In an open letter to the Chancellor and the Secretary of State for Health, the UKVIA has joined-up with key Westminster campaign groups and think tanks to call on them to recognise vaping’s public health potential and not to impose a new vaping ‘sin’ tax.
The Sun: PHILIP Hammond must not slap a tax on vaping because it helps smokers quit, saves the NHS cash and would be counter-productive, campaigners insisted yesterday.
In an open letter to the Chancellor and Health Secretary Matt Hancock, think tanks and pressure groups called on the Government to support an anti-smoking policy that “embraces harm reduction”.
Philip Hammond has been urged not to slap a tax on vaping because it helps smokers quit
The letter said bringing in any tax on the habit would “undermine public health and be inconsistent with Government policy”.
The Sun revealed last week Treasury bean-counters were looking at taxing Britain’s 2.9million vapers – who currently pay no levy on their habit.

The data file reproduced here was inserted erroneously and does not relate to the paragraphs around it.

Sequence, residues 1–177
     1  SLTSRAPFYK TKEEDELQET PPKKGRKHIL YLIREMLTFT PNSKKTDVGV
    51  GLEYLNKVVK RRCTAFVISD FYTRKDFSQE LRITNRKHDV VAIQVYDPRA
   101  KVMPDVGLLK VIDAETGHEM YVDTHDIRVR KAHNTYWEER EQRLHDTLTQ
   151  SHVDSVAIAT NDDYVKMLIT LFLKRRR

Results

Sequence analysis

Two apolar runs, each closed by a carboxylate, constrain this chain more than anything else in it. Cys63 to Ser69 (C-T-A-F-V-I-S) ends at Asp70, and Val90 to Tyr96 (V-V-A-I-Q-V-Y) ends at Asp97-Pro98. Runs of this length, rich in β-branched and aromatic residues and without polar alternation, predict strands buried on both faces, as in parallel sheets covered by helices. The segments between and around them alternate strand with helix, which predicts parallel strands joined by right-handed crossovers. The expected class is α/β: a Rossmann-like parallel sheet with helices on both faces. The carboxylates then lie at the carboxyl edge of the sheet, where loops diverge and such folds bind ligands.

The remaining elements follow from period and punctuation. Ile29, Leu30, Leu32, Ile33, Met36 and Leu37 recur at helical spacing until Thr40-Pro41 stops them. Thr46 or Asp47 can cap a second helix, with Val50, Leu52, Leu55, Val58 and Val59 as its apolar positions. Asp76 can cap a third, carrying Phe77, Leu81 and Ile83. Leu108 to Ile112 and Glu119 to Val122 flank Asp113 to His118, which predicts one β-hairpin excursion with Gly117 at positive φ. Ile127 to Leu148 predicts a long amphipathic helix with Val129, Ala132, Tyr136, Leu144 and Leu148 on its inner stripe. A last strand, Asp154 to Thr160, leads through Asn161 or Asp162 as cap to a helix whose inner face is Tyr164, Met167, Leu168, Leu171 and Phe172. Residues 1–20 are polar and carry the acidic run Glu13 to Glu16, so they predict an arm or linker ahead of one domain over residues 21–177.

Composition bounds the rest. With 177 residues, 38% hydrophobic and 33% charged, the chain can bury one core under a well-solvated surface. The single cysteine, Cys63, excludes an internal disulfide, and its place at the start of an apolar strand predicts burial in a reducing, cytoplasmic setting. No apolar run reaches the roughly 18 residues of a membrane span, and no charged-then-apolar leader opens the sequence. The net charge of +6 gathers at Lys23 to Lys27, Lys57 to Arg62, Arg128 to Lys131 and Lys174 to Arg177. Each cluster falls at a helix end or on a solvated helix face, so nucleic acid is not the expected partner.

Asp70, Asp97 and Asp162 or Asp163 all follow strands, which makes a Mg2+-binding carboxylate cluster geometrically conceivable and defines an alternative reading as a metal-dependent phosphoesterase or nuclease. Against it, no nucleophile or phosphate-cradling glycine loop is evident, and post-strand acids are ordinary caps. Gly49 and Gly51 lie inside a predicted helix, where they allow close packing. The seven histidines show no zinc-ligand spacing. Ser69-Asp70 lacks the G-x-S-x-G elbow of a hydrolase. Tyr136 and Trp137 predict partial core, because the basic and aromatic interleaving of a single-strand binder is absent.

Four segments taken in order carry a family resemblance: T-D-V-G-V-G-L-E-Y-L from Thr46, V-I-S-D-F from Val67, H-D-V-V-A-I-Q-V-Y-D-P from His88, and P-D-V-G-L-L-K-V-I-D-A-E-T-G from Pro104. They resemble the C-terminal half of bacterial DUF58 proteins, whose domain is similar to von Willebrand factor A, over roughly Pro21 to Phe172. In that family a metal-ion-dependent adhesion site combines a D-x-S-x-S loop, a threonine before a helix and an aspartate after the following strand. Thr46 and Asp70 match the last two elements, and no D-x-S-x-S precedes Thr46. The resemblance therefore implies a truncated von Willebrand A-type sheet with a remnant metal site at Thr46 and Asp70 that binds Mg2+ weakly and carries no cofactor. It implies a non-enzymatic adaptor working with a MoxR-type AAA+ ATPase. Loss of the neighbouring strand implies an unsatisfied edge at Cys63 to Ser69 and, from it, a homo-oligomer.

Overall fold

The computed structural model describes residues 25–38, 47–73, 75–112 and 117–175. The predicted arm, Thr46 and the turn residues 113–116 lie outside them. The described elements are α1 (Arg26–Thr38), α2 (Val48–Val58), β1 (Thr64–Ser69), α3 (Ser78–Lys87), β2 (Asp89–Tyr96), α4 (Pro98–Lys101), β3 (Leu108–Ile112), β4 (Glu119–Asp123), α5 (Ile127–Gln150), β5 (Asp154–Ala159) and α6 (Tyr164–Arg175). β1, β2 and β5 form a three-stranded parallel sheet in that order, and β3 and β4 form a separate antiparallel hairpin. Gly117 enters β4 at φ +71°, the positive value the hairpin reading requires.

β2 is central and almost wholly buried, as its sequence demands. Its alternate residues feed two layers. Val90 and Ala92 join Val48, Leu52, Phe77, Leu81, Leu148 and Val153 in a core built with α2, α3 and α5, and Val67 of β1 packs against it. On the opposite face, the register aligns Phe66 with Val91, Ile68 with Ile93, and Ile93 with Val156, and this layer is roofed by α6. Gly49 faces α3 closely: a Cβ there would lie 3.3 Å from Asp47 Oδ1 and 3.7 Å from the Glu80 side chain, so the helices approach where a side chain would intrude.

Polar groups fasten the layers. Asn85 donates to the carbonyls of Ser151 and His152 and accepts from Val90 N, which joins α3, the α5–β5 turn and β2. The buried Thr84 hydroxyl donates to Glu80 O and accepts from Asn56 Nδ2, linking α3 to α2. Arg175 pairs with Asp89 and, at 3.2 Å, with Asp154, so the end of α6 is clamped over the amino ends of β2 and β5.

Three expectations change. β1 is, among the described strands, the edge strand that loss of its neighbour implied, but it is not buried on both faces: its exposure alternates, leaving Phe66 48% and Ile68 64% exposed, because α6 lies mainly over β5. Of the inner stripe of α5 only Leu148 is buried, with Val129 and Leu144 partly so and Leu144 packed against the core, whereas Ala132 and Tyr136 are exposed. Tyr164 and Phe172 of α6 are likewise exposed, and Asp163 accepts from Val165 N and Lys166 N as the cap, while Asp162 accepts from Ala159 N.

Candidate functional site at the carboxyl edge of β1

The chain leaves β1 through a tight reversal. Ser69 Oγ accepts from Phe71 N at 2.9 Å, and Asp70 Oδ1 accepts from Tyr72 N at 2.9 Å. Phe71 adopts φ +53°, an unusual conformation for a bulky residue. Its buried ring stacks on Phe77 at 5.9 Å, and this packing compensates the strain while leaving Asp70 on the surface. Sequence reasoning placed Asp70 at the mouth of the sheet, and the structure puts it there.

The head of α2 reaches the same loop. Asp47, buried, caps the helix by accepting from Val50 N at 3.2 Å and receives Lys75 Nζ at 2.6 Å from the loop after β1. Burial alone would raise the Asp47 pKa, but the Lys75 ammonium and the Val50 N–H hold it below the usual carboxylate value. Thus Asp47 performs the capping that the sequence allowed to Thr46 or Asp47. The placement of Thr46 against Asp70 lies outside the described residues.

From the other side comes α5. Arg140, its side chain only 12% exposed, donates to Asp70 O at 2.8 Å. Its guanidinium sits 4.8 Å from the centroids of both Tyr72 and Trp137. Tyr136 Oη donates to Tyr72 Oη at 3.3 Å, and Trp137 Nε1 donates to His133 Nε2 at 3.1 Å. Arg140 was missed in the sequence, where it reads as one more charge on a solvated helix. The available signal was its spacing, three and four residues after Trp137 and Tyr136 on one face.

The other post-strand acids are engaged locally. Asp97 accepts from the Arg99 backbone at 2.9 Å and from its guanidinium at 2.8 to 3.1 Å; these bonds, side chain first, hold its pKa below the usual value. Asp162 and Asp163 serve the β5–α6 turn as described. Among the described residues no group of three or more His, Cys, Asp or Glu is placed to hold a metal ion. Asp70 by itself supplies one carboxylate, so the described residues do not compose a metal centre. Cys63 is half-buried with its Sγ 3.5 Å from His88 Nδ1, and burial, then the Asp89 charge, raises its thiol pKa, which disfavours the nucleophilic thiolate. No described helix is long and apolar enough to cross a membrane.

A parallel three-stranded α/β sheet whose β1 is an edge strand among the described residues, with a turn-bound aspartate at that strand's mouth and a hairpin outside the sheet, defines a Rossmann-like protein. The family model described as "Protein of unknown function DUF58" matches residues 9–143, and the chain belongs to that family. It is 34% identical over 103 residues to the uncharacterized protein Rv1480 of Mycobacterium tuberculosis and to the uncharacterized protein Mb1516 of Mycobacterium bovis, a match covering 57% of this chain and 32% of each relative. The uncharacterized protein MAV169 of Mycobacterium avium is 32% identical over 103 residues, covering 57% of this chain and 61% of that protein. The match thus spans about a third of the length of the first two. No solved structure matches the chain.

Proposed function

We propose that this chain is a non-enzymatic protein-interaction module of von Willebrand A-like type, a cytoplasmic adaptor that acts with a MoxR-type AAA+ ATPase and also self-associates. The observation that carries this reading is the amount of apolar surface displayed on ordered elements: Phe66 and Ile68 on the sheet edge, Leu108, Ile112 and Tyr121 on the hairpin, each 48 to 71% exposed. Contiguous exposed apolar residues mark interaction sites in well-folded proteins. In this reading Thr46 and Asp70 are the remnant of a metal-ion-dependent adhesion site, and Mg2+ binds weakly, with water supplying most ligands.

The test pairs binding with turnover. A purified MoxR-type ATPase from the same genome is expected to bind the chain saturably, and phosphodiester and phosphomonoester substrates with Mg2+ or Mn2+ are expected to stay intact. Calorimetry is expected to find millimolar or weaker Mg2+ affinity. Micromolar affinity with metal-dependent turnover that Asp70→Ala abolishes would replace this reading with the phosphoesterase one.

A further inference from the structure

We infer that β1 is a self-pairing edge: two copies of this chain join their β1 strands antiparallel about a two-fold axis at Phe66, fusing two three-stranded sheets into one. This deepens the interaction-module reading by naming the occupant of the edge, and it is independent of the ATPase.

Users typically spend around £275 a year on vaping fluid.
A five per cent tax would cost them £13.75 a year and raise almost £40million.The letter from leading pressure groups said bringing in any tax on vaping would ‘undermine public health and be inconsistent with Government policy’
The letter is signed by the Center for Policy Studies, the Institute of Economic Affairs, the TaxPayers’ Alliance, the Adam Smith Institute, the UK Vaping Industry Association, The Freedom Association and the New Nicotine Alliance.
It read: “We have noted concerning reports that the government is actively considering the imposition of a new tax on vaping products.
“We urge the government not to place additional taxes on vaping, a consumer-led product that has helped millions of people reduce or stop smoking and saved the health service money at no cost to the NHS.
“Such a tax would undermine public health and be inconsistent with government policy.”
The plea, which was also sent to Health Secretary Matt Hancock, urged the Government to support an anti-smoking policy that ’embraces harm reduction’
The letter points out as well as saving the NHS cash from preventing people smoking, it is also bought by consumers while nicotine patches, gum or inhalers cost the NHS vast amounts and also receive a VAT reduction.
Public Health England have previously said any changes in pricing on vaping needs to ensure e- cigarettes are “affordable to smokers to avoid discouraging smokers from switching away from smoked tobacco which would be counter-productive in public health terms”.